The unit does not have to be on level ground to work (the road is rarely level, after all), but it can’t be twisted. To combat any risk of twist, it sits on six adjustable feet that also double as the weight load- cell measure points. The roller bed has a smaller central roller, there to measure wheel speed. It stops the test rollers the instant it detects lock-up, preventing any possibility of damage to tyres. The unit can test axles up to 16 tonnes in weight, in -30C°, so New Zealand conditions will generally fall well within its working envelope. The brake rollers have been designed with a surface friction co-efficient that matches New Zealand roads.

“Essentially, we’re looking at a giant torque gauge,” said Brett. “Brake force divided by axle weight equals efficiency.” Brake tests can be performed for service brake and park brake on the left and right sides of an axle independently. The unit can test drum or disc brakes; air or other mechanical park brake systems. Whether an axle is mechanically or air-suspended is of no consequence.

“Although able to accommodate pull-down testing, there has been a procedural decision around officer safety not to do so roadside.”

LW Bonney and Sons supplied the test truck. Testing took about 15 to 30 seconds per axle. The readout appears on the central PC in the trailer, relayed out to the wireless hand-held tablet with the VSO (Vehicle Safety Officer) truck-side. The results can then be monitored and discussed with the driver.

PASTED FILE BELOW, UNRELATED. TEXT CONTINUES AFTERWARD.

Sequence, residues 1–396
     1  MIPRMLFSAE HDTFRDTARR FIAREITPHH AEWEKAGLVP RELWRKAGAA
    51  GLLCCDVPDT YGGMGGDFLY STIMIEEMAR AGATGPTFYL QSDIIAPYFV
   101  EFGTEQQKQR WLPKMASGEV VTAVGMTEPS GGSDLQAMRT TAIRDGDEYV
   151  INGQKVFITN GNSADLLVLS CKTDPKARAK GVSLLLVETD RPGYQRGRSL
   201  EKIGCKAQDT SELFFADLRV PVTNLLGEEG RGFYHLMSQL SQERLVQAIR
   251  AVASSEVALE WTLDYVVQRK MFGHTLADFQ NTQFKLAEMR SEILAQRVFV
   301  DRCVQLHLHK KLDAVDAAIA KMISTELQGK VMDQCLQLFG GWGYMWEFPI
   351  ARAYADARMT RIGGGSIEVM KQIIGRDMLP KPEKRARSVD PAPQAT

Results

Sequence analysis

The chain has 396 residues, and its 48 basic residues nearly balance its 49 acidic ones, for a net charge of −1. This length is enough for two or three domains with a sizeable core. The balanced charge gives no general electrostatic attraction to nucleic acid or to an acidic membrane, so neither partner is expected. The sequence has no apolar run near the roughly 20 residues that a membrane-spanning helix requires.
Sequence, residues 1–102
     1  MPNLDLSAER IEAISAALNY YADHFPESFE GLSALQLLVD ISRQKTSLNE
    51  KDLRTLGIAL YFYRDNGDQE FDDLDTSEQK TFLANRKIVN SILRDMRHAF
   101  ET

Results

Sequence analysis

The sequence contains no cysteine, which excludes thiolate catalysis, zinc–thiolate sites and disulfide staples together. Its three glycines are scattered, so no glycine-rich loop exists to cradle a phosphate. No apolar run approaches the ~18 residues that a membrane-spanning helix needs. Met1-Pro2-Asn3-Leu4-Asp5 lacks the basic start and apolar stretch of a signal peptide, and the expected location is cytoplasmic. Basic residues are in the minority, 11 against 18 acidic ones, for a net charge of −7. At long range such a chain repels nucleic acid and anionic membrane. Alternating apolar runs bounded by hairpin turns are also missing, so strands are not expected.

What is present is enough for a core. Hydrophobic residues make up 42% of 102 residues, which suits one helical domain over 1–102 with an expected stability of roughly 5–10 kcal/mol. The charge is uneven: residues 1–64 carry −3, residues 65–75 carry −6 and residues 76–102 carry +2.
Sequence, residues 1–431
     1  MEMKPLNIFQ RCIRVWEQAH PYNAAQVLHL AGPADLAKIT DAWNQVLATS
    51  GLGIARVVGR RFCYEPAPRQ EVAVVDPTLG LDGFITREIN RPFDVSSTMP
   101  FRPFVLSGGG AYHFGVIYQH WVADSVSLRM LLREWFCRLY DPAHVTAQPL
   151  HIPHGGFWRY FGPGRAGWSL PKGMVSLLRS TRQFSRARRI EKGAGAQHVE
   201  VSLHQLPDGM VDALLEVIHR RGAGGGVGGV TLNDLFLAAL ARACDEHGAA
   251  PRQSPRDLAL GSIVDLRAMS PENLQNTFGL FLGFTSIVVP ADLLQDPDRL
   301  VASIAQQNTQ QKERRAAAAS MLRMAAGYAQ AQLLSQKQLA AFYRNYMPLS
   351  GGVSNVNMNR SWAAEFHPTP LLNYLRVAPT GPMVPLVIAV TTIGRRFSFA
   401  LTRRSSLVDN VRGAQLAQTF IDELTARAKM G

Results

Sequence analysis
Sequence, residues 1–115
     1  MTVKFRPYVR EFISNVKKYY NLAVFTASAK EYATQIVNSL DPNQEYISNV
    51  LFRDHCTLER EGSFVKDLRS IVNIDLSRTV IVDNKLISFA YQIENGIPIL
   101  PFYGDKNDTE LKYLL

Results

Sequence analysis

“Does it have even brakes? Are they in balance? These are the two questions the officer is seeking answers to,” Brett said. “The pass criteria for service brake efficiency is over 50% for each axle. In terms of brake imbalance between left versus the right side of an axle, a 30% or worse imbalance will mean pulling to the left or right under braking.”

The key to an accurate reading is slowing the speed of brake application. A gradual increase in pressure on the brake foot pedal is key to getting the best results. “Stabbing or stomping your foot on the brake results in a non test,” said Brett. At the end of the testing, the driver can take a printout away if they request it.

“The question of brake temperature at the time of test often arises,” said Brett. “As does the dynamic weight versus static or presented weight. Both are inconsequential in terms of the maths and the numbers recorded impacting the overall outcome. As we always say, ‘when a kid rides out in front of you when your brakes are cold, you’ll still need them to work’.

“When a truck is requested to stop, the VSO enters the registration, configuration, and the number of axles and they’re away.” The database of trucks amassed on the day of testing is autonomous, i.e. not feeding live into a national database at the time.